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Digging deeper into compost


IFTA delegates hear how research continues to determine what works and what doesn’t when organicmatter is added to soil.


By Scott Trudeau T


he 57th annual conference of the International Fruit Tree Association (IFTA) featured a variety of presentations focusing on precision orchard management. The event happened Feb. 22 – March 1 in Kelowna and included a post-conference tour from Feb. 27- March 1.


Among the presenters was Tom Forge, a scientist at the Pacific Agri- Research Centre who provided an overview about utilizing composts to improve soil health in orchards. Forge said information on the topic was the result of numerous trials conducted during the previous 20 years.


He explained soil health is determined by looking at organic matter and examining how to sustain it best.


“This is where compost utilization comes in and ultimately there are multiple ways of improving root growth and productivity,” he said, adding that in recent years a significant amount of research has been conducted on the topic of compost-induced disease suppression.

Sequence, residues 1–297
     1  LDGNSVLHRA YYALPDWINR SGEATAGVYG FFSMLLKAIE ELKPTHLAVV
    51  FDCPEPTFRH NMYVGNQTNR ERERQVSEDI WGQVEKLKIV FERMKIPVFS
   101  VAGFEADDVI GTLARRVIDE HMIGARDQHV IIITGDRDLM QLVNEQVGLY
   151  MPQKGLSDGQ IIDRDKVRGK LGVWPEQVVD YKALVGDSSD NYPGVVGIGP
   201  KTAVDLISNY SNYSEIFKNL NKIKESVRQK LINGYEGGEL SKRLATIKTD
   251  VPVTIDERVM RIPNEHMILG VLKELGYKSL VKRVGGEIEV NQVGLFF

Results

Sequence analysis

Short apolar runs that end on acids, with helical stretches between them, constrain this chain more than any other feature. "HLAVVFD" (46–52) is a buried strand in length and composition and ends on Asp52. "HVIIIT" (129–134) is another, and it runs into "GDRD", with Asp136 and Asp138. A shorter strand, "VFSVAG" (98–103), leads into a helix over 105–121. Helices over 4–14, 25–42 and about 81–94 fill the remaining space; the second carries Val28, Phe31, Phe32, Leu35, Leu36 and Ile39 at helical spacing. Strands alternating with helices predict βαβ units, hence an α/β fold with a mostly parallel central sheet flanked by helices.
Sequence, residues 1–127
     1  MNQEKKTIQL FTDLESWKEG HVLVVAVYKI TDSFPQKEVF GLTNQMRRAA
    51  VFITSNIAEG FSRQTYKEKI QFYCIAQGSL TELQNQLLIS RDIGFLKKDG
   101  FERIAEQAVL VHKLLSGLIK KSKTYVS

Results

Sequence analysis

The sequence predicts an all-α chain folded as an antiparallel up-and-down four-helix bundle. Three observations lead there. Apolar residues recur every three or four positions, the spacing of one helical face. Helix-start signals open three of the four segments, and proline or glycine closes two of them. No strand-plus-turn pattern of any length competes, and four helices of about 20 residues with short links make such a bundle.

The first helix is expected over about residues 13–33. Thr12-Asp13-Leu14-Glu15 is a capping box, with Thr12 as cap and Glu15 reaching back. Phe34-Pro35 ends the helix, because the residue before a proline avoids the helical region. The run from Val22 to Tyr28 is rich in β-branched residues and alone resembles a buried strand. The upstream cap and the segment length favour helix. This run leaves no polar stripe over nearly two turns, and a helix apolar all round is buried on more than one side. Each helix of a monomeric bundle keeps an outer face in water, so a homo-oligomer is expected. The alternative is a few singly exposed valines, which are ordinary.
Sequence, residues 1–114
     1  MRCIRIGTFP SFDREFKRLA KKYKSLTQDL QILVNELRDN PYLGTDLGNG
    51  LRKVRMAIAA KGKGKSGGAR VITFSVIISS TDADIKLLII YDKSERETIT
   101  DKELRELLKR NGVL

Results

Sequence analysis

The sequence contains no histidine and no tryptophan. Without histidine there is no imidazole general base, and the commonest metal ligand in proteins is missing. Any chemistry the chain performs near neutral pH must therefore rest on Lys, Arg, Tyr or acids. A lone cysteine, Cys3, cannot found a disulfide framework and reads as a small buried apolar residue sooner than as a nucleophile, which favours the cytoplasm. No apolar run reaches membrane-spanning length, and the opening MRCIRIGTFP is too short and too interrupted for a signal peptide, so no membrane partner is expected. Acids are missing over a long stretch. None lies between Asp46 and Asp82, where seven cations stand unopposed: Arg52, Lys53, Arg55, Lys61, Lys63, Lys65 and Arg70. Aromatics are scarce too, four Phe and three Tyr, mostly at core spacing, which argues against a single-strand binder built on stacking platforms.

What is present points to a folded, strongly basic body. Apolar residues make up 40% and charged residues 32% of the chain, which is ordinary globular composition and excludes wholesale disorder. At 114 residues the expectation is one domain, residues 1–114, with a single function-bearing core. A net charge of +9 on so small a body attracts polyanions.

Forge explained that compost works by “inoculating the soil with certain organisms that have bio- chemical capacity and cause changes in the structure of micro-organisms.” These experiments have been conducted in containerized plants or bed-managed systems, such as with tomatoes, which allow large amounts of compost to be added to relatively confined rootstock.


“There’s still lots of open questions out there regarding whether this is actually unique to compost


British Columbia FRUIT GROWER • Summer 2014 17


SCOTT TRUDEAU


Tom Forge, a scientist at the Pacific Agri-Research Centre in Summerland, was one of several presenters at the 57th annual International Fruit Tree Conference held in Kelowna during February.


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